Exploitation has never “gone away” so much as it’s experienced its own ebb and flow periods of mainstream cultural relevance. But it entered into a new echelon with the arrival of Quentin Tarantino and Robert Rodriguez and a new generation of Hollywood filmmaker who looked at the films not as disposable entertainment fare, but as unheralded cultural touchstones. The visual language of exploitation returned to prominence, all of the garish color and anachronistic music and graphic violence intact, but now it was art. Now it could win a Palme D’Or at Cannes, cross the nine-figure mark at the American box office, or start its own legacy of hand-wringing moral panics. Now we could hold college classes about the legacy of exploitation and its place in modern society. After all, if there’s one thing that has absolutely not changed in nearly a hundred years of mainstream American moviegoing, it’s the audience’s urge to be shocked, repulsed, aroused, and thrilled when it goes to the movies.
Particularly in the years after the September 11th attacks on New York City, offshoots of the medium returned in full force, most visibly in the form of “torture porn” movies. As the world reckoned with the horrors of that day, with the military conflicts that ensued, and particularly with the new strains of ingrained nationalism and racism that bubbled to the surface anew in the wake of the attacks, films like Saw and particularly Hostel offered a mirror image of the ugliness we heard about on the news but from which we chose to look away so often. Bodies were decimated in ways never previously considered acceptable for viewing in your average suburban multiplex, but hey, the times had changed. The news was violent, the world was violent, and more of it could be depended upon to arrive with every new day. So the films turned violent again in kind, often shockingly so.
With the turning tides of the last few years, though, a new question arises. What is the exploitation movie, nowadays? While appealing to the viewer’s lesser nature has always been a part of the equation, there’s always been a great and often notorious deal of exploitation behind the scenes. Consider the aforementioned example of white filmmakers helming so many blaxploitation classics trafficking in broad cultural stereotypes or even the recent story of Uma Thurman nearly dying on the set of Kill Bill. In an era of filmmaking where the behind-the-scenes stories are considered part of the text, where unethical methods of production behind the camera are coming under increasing (and to be clear, necessary) scrutiny, where the days of the casting couch may well be drawing to a close, how can the exploitation feature continue on as it once did? The short answer is that it can’t. The longer, more difficult answer, one which can’t fully be drawn by this or any other singular essay, is that it must return in some way or another to its subversive roots.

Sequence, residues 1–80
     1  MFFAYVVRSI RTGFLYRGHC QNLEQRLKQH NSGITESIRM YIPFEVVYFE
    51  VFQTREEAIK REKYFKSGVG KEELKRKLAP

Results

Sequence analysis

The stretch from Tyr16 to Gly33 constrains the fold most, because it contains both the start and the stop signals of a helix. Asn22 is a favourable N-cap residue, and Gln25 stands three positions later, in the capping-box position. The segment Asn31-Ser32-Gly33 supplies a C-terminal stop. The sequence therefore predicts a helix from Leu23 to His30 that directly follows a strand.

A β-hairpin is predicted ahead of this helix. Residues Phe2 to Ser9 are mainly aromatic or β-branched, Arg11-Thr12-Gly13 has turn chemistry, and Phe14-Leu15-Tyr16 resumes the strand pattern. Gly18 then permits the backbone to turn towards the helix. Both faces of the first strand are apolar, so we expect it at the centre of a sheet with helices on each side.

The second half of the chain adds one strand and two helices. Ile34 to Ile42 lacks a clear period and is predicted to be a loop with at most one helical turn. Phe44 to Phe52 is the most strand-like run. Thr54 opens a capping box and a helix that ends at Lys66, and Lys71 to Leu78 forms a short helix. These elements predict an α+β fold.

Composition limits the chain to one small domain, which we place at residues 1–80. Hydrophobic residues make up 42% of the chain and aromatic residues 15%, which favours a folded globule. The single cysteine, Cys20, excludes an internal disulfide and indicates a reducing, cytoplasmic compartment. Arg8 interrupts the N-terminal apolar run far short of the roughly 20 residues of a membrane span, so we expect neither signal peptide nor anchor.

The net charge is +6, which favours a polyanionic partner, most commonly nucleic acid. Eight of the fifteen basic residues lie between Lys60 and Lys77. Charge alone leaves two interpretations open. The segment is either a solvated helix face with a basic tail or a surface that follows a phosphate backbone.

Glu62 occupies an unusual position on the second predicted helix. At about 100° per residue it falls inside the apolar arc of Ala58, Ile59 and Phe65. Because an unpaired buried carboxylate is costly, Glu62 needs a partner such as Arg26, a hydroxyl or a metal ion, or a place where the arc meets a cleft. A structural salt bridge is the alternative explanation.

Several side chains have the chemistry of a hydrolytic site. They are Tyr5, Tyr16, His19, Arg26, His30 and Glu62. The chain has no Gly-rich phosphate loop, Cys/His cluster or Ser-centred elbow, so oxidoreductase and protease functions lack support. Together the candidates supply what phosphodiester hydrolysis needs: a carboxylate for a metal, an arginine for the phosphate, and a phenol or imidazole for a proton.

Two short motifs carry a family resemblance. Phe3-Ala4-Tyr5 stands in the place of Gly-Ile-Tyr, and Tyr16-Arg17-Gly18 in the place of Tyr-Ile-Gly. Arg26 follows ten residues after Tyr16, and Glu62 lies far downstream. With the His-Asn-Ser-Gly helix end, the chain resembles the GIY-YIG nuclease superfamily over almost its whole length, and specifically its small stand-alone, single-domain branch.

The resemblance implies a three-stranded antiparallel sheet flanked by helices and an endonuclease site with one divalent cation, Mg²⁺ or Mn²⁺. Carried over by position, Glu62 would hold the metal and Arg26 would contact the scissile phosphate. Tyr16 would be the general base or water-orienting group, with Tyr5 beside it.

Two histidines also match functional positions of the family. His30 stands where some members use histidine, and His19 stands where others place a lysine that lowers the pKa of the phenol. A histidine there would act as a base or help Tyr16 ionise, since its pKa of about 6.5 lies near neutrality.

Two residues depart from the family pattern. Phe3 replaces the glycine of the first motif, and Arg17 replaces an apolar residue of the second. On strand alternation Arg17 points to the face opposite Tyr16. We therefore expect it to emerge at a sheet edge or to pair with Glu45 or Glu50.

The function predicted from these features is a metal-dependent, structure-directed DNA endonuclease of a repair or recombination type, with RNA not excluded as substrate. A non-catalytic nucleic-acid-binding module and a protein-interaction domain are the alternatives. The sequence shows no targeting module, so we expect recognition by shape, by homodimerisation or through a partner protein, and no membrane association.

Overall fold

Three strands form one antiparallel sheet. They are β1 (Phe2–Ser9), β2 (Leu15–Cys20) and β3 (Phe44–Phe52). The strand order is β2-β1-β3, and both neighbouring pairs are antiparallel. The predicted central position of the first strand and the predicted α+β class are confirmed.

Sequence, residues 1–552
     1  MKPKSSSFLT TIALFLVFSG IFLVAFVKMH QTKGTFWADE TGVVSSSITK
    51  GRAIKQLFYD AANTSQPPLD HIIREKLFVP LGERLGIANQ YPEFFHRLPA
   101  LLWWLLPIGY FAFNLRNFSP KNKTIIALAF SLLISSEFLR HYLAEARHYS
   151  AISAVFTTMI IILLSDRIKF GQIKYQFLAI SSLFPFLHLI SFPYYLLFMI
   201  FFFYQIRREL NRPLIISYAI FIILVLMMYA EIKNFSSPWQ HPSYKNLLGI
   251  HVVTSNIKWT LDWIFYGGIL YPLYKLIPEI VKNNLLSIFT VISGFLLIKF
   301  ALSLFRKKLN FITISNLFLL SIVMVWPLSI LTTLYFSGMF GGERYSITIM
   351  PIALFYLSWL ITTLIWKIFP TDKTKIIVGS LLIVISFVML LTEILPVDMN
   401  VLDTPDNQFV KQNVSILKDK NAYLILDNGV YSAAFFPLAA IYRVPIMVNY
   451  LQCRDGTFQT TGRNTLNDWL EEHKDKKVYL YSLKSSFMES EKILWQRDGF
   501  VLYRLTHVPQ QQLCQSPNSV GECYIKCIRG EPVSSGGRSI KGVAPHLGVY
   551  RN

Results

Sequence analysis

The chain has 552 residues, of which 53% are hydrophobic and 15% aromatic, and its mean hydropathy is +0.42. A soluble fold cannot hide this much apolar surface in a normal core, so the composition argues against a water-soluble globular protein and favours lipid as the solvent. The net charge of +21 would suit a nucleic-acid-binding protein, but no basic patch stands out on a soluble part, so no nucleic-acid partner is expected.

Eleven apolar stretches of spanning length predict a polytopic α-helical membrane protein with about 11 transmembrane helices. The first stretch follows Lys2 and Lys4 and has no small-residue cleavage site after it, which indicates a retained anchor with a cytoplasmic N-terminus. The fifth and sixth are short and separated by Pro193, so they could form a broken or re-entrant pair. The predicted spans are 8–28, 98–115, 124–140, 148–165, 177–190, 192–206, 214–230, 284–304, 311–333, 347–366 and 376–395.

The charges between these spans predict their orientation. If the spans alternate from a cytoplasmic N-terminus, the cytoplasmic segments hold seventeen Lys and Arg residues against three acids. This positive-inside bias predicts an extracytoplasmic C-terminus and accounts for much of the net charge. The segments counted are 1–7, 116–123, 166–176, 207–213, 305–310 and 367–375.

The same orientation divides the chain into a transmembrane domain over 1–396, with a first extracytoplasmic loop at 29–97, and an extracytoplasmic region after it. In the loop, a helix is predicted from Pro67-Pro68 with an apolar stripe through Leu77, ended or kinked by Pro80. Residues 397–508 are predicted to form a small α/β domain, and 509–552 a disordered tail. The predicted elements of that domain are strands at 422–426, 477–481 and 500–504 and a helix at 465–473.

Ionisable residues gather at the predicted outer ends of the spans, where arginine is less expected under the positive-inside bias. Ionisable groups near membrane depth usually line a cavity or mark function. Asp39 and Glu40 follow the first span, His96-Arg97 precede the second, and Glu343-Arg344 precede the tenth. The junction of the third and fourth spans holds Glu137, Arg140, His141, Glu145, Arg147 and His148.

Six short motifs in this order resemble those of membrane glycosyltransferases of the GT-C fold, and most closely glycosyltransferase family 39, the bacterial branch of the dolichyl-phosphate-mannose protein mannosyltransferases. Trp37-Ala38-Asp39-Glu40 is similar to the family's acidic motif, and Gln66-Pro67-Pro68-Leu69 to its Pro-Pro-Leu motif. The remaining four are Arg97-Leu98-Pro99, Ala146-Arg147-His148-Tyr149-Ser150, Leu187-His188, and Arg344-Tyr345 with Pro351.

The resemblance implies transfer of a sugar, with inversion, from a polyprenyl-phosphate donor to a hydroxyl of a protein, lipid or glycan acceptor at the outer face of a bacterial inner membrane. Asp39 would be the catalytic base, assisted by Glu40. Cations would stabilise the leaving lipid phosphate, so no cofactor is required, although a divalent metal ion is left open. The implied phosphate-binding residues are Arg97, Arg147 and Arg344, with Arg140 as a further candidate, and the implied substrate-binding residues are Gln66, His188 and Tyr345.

While there’s certainly a kicky thrill in revisiting the craven tastelessness of so many earlier exploitation features, it’s fairly impossible to dispute that there’s little to be gained from growing truly nostalgic for movies that engaged in genuine perversion to get a pop out of the audience. It’s one thing to appreciate aesthetics and costumes and the like; it’s quite another to grow wistful for the days when insolent women got a smack in the mouth from onscreen antiheroes. So, in many respects, what we constitute as “exploitation” now chases the absurdist tendencies of the time, without so much of the cultural ugliness humming beneath it. Some of the more outre Adult Swim material would fall into this category (some of the grossest Tim & Eric material, for sure), as would films like Flying Lotus’ 2017 debut, Kuso, a scatological and almost uniformly disturbing descent into one nightmare after the next. In the same way that comedy is reckoning with its moral center by embracing the comparatively uncontroversial auspices of absurdism, the exploitation feature is finding ways to continue shocking and repelling without demeaning the audiences who chase that sort of high.
But there’ll likely always be pastiche (Tarantino has informed as many filmmakers now as the ones who informed him), and there’ll likely always be a handful of films that still go about exploitation filmmaking the old-fashioned way. There’s a new Death Wish, and now it’s even latching onto Chicago’s national reputation as a Thunderdome of gun violence to get a rise out of its target audience. The internet will continue to show us hideous things on a daily basis, and now there’s a 24-hour news cycle to reappropriate so much of the same. Exploitation films will always be ugly at their worst, mirroring the hatred and filth within our hearts without ever asking us to challenge it, soothing the voices in our heads that tell us these things are wrong. But at their best, they can still transgress in new and exciting ways, and perhaps this can be the standard to which the sleazeballs of tomorrow aspire. They can push back against the status quo, and when they shock, they can shock in ways which actually push boundaries, instead of reaffirming those boundaries in kind.